25 June 2022

Acts 2:37-42

They devoted themselves to the apostles’ teaching and fellowship, to the breaking of bread and the prayers. (v. 42)


At Pentecost, God's Spirit came to the disciples. Today's passage comes towards the end of the Pentecost account. The tongues of fire have descended; the crowds have spoken in diverse native languages, and Peter has addressed them, explaining how Jesus is the fulfilment of God’s promise to all people. Today’s five verses are a glimpse into what happens when lives are touched by grace and how that faith can be nurtured.

Verse 37 begins with the Apostles being approached by people who had been 'cut to the heart'. For the ancient Greek world, the heart was the place of emotion and feeling, the centre of personality. Even in contemporary Britain we still use phrases such as ‘my heart skipped a beat’ or I have a ‘broken heart’. The people we read about here had a heartfelt response: they want to understand the implications of what has stirred in them. They ask what they should ‘do’. This could be translated as ‘what should they practise’ or ‘make’, so that their inward conviction can find outward expression. Peter responds with two things they can do: repentance (the Greek word implies turning the direction of one’s life to walk God’s path); and baptism, which is an outward expression of that change and commitment. We note that Peter’s instructions (v. 38) emphasise that they each need to know forgiveness and the gift of the Holy Spirit. We can perhaps pick up echoes of Wesley’s 'Four Alls': All need to be saved. All can be saved. All can know they are saved. All can be saved to the uttermost.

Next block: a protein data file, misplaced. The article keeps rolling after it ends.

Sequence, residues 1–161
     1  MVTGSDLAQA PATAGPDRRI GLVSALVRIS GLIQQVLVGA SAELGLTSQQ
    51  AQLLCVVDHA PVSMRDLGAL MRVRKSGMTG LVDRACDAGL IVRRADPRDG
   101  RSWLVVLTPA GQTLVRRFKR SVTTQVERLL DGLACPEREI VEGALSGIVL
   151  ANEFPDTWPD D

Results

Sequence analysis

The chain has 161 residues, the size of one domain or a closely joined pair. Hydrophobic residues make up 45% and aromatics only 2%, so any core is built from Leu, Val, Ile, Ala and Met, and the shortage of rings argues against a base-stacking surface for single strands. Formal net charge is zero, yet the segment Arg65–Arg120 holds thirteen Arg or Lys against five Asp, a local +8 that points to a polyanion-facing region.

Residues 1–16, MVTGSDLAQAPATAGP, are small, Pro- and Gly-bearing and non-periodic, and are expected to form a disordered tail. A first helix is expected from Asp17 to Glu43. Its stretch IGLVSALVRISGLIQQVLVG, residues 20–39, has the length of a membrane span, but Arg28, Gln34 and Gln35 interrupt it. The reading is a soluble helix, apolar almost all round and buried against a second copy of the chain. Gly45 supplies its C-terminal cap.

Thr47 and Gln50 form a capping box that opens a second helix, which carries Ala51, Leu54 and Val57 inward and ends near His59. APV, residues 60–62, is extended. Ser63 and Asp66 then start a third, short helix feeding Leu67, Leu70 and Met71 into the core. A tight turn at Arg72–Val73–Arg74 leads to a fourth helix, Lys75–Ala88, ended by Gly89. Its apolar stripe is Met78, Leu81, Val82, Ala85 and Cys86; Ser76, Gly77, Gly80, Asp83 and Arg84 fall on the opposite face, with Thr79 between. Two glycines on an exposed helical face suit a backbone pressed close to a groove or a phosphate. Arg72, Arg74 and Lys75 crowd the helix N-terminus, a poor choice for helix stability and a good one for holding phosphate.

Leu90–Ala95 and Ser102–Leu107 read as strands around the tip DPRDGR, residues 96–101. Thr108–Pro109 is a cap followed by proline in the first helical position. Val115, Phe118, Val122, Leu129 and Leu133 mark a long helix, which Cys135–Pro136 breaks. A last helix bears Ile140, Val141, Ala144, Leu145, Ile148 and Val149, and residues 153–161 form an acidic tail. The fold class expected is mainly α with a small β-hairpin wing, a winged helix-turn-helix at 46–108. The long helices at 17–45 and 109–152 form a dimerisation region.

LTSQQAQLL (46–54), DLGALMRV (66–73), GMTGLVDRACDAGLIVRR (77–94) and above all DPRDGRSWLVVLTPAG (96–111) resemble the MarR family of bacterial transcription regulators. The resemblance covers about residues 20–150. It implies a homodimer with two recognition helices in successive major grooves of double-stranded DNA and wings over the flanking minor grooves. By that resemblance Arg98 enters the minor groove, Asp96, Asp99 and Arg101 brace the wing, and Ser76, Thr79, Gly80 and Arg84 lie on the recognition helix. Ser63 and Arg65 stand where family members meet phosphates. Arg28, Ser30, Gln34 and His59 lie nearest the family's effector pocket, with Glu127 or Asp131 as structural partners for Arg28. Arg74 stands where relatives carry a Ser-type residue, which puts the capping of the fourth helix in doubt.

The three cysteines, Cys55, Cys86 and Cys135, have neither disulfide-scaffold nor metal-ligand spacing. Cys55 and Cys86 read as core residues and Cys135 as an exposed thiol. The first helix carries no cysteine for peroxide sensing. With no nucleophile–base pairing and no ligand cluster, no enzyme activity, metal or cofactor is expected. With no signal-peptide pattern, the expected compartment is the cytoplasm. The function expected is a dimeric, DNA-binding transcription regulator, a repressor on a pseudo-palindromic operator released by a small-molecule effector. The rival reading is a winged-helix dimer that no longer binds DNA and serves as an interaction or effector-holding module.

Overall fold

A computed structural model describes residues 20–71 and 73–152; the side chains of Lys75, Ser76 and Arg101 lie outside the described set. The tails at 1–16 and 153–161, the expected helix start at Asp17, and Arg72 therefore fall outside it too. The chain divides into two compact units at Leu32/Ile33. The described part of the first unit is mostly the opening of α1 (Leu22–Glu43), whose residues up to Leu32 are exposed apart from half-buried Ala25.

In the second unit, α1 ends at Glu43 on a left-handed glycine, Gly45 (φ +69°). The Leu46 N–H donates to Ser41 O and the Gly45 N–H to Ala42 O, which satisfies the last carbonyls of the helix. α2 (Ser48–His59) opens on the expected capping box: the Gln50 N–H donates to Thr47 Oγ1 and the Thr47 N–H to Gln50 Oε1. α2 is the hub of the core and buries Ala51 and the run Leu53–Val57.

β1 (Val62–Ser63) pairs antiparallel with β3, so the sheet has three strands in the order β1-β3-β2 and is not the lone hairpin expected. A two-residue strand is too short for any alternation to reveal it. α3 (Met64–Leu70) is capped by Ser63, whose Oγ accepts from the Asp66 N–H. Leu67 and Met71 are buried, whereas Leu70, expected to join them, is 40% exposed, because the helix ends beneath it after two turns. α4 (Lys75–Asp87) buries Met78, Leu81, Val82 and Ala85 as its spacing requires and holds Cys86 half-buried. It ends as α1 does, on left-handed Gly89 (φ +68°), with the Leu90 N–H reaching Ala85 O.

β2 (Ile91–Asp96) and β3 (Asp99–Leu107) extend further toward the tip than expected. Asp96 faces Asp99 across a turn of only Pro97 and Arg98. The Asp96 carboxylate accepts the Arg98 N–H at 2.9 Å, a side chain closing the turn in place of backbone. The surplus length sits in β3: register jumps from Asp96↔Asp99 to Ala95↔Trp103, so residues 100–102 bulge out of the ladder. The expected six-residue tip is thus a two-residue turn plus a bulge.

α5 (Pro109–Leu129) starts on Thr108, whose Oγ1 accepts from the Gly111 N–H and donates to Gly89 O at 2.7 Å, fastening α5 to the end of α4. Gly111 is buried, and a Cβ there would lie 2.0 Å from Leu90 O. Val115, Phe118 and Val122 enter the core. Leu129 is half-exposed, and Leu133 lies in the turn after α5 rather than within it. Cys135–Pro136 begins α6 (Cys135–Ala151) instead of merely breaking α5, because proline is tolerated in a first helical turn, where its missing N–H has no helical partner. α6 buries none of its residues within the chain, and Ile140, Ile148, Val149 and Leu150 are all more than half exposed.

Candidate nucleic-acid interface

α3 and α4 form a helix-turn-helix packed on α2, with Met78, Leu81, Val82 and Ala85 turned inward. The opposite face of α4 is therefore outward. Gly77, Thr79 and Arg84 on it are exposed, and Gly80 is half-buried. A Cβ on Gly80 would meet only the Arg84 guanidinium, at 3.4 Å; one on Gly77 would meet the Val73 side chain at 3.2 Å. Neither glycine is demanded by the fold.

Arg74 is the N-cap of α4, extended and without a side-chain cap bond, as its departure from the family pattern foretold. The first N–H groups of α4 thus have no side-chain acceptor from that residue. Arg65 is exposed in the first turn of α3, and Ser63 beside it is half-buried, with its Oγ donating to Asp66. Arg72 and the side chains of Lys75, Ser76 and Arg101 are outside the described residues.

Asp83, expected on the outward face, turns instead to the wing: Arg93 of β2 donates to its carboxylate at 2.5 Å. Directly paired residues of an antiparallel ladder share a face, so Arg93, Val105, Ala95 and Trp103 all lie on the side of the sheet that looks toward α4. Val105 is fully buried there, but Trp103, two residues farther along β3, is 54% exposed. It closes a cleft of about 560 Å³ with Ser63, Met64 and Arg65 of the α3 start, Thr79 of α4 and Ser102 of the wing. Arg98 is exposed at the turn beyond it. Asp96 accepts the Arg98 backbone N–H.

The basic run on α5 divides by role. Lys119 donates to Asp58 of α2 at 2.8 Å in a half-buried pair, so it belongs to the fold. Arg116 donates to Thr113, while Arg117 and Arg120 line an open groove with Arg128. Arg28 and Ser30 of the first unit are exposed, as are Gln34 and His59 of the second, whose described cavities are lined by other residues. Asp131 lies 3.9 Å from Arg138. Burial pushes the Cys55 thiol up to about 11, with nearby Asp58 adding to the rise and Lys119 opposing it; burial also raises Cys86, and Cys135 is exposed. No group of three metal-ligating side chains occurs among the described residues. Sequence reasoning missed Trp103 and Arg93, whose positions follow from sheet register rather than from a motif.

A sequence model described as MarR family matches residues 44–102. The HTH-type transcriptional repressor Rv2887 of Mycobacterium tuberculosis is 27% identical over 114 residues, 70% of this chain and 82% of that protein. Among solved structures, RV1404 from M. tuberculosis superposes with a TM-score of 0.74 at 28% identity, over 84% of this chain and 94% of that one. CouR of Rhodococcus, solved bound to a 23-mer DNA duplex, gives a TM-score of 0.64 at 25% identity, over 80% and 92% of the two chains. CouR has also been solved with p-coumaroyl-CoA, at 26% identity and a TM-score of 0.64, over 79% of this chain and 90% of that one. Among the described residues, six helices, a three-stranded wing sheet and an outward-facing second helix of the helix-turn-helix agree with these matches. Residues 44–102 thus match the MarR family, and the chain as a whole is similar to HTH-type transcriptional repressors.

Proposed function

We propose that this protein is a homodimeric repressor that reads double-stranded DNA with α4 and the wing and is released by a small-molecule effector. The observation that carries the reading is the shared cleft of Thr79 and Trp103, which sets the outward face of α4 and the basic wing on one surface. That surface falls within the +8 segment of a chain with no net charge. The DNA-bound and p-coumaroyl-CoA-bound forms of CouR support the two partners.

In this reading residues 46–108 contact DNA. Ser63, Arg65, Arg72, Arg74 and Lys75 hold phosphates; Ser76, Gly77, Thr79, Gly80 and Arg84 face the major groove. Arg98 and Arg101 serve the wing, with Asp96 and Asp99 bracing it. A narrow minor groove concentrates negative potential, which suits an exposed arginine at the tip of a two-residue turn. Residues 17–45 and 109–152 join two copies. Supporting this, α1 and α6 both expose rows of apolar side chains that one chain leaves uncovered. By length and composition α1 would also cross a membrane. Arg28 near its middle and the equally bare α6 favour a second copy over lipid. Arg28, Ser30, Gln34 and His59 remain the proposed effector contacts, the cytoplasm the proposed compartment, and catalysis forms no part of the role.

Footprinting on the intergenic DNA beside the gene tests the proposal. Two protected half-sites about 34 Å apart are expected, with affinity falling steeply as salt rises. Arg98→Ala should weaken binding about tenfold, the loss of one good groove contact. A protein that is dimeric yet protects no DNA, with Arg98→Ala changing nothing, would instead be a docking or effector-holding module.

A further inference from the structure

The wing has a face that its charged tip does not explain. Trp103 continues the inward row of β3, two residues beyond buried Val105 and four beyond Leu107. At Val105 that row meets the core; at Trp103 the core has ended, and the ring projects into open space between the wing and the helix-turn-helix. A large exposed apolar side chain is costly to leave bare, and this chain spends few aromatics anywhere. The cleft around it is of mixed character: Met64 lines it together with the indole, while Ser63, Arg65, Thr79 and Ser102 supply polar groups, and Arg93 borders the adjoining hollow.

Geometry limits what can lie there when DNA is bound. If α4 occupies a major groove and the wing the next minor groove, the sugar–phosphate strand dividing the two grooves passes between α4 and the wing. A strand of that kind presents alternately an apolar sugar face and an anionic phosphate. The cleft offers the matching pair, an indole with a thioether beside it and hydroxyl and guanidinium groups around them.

Three thousand people were baptised and in verse 42 we see their new-found faith calls them into community. Here in this new place the first new people to be followers of Jesus deepen their discipleship in relationship with others. Archbishop Rowan Williams describes church as “What happens when people encounter the Risen Jesus and commit themselves to sustaining and deepening that encounter in their encounter with each other.” In the description of listening to teaching, being in fellowship, sharing bread and praying, there is a glimpse of a profound and simple expression of what church is.

From the birth of the Church here in Acts 2, it became normal to start new Christian communities. And as the narrative of Acts unfolds, the pattern of hearts being changed and new communities springing up will be repeated again and again.

To Ponder:

  • Can you single out moments in your life when your heart was touched by the love of God?
  • What are the simple practices of church community you value most?


Loving God, we thank you that your love is for us. Help us, each one, to know your transforming grace at work in our lives. May we find and begin new places that deepen our faith and that of others. Amen.

Bible notes author

The Revd Matt Finch

Matt is the Pioneering and Church Planting Officer for the Evangelism and Growth team, developing and implementing a Church-wide strategy for ‘new places for new people'. He previously was a Methodist minister in the St Neots and Huntingdon Circuit, where he established a café church, a contemplative community and new patterns of children and families' ministry.

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